But there were no known cases of coronavirus in my community, and I had booked flights that skirted the largest trouble areas. I’ll admit there was a bit of “I just want to get away from it all on a beautiful beach” involved in my reasoning.
Over the past week, I wavered between thinking I would go if I remained healthy and wondering whether I should chance it.
What’s The Responsible Thing To Do?
But again, there was that overriding concern: Would it be irresponsible to go?
This past weekend proved to be a watershed moment.
Governments all over the U.S. began banning the gathering of groups of 250, 50, and even 10 people. Large cities like San Francisco mandated that people stay home except for essential errands. In Arizona, the governor urged people to postpone or cancel events. My local city government announced that it would do all of its public business in an online format, and the local school district canceled classes for two weeks.
So, as I contemplated whether it would be responsible to fly to Florida, there was really only one answer: No!
Not only would I have difficulty staying a safe distance away from others on the flight, but once in Florida, I would be stressed at the prospect that my return flight home to Arizona could be affected. And once in Florida, would I really be able to enjoy the full experience of the Gulf of Mexico, with attractions and beaches closing down, and restaurants and hotels possibly soon to follow?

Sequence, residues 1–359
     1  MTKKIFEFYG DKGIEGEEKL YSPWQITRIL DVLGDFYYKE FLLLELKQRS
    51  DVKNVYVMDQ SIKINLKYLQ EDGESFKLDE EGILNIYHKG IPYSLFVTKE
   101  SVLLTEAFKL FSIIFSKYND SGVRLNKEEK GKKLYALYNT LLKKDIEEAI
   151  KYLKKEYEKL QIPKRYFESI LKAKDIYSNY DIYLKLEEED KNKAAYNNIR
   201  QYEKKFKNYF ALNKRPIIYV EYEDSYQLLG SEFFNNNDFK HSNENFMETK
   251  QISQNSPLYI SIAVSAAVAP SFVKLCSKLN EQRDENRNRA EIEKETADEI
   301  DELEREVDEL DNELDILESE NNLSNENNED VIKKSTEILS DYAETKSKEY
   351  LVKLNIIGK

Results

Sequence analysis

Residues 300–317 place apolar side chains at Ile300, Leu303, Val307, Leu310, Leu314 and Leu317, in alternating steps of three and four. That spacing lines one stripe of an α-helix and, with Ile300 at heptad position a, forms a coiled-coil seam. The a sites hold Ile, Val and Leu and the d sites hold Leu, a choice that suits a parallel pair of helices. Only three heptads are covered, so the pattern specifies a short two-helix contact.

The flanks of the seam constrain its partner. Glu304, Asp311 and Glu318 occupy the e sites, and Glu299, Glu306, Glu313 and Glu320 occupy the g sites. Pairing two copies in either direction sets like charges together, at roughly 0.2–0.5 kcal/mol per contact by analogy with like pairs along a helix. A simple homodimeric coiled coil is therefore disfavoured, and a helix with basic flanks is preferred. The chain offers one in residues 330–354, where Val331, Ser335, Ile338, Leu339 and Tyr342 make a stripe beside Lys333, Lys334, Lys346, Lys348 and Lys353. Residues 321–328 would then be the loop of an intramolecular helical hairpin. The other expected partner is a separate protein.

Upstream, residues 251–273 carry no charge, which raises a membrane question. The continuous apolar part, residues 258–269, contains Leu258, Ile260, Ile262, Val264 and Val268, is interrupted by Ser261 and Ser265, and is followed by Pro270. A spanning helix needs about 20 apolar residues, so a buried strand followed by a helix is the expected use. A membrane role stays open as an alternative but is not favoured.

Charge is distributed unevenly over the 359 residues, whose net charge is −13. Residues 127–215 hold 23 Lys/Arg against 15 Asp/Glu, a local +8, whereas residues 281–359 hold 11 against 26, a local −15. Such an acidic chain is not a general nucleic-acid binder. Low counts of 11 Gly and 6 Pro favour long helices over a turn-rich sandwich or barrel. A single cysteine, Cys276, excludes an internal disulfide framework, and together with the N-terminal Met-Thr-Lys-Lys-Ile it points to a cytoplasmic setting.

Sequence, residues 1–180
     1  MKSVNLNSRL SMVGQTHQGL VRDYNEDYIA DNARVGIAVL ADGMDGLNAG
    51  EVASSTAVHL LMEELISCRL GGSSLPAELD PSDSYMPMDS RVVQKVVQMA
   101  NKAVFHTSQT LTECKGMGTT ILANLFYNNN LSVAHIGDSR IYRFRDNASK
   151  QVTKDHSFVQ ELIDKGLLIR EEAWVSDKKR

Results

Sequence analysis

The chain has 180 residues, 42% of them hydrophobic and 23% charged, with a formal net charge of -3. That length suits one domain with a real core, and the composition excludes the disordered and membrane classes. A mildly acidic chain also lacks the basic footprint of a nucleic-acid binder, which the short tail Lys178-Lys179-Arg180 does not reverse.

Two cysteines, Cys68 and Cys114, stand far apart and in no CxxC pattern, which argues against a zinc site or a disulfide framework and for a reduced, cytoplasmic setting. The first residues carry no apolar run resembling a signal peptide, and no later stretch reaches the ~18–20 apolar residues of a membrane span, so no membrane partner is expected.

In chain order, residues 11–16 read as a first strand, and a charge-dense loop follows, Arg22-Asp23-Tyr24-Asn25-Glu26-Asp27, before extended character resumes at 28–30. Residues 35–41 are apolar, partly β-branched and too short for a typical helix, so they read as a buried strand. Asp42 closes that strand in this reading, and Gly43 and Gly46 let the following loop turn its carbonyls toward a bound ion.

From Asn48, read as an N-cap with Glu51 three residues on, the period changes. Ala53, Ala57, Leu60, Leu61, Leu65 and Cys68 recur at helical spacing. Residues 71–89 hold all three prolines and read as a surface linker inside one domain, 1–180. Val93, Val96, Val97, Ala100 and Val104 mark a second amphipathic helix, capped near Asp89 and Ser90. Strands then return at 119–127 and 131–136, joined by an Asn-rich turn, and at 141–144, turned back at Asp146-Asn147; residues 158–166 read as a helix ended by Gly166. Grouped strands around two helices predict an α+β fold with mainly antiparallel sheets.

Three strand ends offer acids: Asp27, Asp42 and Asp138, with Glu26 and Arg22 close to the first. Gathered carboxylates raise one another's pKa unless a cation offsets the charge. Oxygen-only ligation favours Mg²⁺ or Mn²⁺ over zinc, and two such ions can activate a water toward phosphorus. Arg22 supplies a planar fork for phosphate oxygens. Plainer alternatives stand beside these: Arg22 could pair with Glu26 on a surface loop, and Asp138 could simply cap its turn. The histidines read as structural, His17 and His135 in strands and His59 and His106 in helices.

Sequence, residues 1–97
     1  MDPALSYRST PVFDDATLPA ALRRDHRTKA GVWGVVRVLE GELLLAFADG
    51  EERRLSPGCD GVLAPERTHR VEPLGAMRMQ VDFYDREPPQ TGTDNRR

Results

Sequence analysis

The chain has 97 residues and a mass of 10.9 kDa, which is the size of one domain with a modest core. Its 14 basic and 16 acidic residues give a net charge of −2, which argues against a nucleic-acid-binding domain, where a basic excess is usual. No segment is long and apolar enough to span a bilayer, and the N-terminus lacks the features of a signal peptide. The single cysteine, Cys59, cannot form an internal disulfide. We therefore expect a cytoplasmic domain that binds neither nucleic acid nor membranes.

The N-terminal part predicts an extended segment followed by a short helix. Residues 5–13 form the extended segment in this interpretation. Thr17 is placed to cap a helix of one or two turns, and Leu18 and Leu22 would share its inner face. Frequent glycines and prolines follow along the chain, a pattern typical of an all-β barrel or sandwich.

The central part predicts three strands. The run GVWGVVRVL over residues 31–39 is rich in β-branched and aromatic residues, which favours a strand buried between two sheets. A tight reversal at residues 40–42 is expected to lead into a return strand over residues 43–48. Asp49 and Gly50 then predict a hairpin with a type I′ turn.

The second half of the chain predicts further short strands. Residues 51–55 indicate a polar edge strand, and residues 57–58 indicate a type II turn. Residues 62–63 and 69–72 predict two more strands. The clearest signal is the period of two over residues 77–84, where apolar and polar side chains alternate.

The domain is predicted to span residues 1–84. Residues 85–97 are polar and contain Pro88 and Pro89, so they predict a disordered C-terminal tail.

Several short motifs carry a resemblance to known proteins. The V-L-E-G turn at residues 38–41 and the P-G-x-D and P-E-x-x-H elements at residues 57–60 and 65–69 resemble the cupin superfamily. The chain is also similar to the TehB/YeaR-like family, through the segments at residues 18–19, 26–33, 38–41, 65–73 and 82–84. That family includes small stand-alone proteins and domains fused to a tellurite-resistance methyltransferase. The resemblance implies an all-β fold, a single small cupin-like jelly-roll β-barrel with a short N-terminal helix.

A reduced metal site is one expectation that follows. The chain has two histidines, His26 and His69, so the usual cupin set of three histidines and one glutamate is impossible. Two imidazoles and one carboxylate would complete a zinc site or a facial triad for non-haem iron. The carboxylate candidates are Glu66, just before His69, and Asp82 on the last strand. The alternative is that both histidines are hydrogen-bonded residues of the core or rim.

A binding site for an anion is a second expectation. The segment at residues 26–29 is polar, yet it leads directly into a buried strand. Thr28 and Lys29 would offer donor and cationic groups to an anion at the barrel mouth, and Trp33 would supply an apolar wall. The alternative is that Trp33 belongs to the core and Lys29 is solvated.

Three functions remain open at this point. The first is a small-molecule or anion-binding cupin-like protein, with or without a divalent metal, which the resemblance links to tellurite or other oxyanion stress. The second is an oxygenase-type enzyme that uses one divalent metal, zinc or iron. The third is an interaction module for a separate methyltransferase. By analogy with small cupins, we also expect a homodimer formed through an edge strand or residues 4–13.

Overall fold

On many levels, taking the chance on the trip just wasn’t worth the risk of getting infected or quarantined, or unknowingly carrying the virus across the country.
So, once again I started unpacking rather than packing, canceling flights rather than booking, and notifying a tourism bureau that I wouldn’t be coming after all.
Needless to say, it was a blow. Even though my flights qualified for refunds under the airline’s coronavirus policies, I felt a bit robbed of two possibly once-in-a-lifetime experiences.
But for now, I’m holding out hope that travel will get back to normal in a month or two. And when it does, I’m still on board for a stroll down a Florida beach — or a culinary adventure through Catania’s famous fish market.